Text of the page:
Mexico City: A Model of Olympic Efficiency?

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The Sochi Winter Olympics have an estimated cost of $50 billion. These games have become famous for colossal expenditures, like a $9.4 billion road that stretches 30 miles, leading from the Olympic Village on the coast to a ski resort in the middle of nowhere.

Perhaps future olympic cities will look for less wasteful ways of spending money. And maybe, they can look for inspiration in places like Mexico City, which actually seems to have spent its olympic dollars reasonably well.

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Mexico spent around $175 million to host the Summer Olympics in 1968, the equivalent of 1.2 billion in 2013 terms.

These olympics took place amid the violent repression of student protests and were certainly not free from criticism. But you've got to give them some credit, most of the facilities that were built or renovated for the 1968 games are still used by thousands of people. Maybe this is because the facilities for the Mexico City Olympics were built in a major city, instead of in a far off, sub-tropical resort.

Here are some of Mexico City's olympic sites, as they looked then and now.

1. The Pool

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Mexico City's olympic pool attracts up to 15,000 users per month, according to city officials. The local government employs 100 instructors, who give affordable swimming lessons to anyone who registers at the pool. The catch? There's a long waiting list to acquire pool membership. On average you must wait four months to join.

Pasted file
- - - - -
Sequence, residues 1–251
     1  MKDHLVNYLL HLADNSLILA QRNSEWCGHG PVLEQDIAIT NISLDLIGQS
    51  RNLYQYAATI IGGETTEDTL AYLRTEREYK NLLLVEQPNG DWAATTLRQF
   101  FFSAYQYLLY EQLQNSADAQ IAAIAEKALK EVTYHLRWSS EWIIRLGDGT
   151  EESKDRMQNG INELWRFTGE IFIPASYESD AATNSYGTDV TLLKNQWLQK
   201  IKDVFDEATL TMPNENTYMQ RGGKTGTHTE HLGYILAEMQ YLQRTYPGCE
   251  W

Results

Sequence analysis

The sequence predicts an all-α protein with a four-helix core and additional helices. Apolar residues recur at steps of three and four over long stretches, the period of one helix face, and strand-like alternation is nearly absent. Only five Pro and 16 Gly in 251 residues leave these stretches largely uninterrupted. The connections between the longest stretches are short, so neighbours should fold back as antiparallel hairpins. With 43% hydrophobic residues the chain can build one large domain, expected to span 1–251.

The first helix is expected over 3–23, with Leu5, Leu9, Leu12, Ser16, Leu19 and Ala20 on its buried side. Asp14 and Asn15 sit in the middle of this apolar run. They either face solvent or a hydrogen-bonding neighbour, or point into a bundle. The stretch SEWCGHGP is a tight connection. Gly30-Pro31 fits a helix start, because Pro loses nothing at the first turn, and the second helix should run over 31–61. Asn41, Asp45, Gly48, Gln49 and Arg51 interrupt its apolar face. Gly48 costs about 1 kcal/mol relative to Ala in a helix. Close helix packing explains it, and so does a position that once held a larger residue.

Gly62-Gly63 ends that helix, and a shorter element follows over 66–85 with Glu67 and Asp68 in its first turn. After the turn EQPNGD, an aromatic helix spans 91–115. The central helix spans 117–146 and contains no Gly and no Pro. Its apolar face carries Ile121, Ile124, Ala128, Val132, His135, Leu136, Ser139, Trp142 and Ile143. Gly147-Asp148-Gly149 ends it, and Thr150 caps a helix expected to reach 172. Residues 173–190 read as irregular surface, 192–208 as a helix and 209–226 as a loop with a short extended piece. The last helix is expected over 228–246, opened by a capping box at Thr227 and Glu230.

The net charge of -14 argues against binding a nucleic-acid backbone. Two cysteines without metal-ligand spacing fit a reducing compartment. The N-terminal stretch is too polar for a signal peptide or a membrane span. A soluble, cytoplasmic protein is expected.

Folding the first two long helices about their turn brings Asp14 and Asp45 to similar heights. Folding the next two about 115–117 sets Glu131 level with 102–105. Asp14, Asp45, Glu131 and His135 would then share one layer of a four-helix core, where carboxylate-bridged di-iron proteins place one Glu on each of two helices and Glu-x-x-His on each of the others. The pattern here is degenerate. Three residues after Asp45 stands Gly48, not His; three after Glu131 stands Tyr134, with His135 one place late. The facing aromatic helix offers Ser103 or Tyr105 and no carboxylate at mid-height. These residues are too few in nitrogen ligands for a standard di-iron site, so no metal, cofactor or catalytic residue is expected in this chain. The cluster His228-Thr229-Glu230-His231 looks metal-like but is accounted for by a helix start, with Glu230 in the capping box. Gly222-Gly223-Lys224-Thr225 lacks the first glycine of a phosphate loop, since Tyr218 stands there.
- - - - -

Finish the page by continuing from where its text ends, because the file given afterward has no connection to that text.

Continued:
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2. The Olympic Stadium

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Mexico City's Olympic stadium is still very much in use. It is the home of Pumas, one of Mexico's most popular soccer teams. The best thing about this stadium in terms of cost effectiveness is that it wasn't even built exclusively for the olympics. The 68,000 seat stadium was built in the 1950s to host a variety of sports events, and service Mexico's largest university, the UNAM.

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3. The Olympic Village

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This complex of 29 towers and 900 apartments was built with public funds to house olympic athletes during the 1968 games. After the olympics were over however, the government recovered its investment by selling the apartments off to individual families, who now maintain the site on their own.

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4. The "Sports Palace"

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This 18,000 seat arena was built in 1966 to host olympic basketball games. Professional basketball is not big in Mexico, but the city has found other uses for the "Sports Palace." It is regularly used for concerts and conventions, including this sex expo in 2011.

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5. The Mexico Arena

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This facility also has seats for 18,000 people. Built in the '50s, it was slightly renovated for the Mexico City Olympics, and used for boxing matches. Now, the Arena is Mexico City's top lucha libre or mixed martial arts venue. Come here on Fridays and Tuesdays to see Mexico's best lucha libre stars.

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Manuel Rueda is a correspondent for Fusion, covering Mexico and South America. He travels from donkey festivals, to salsa clubs to steamy places with cartel activity.

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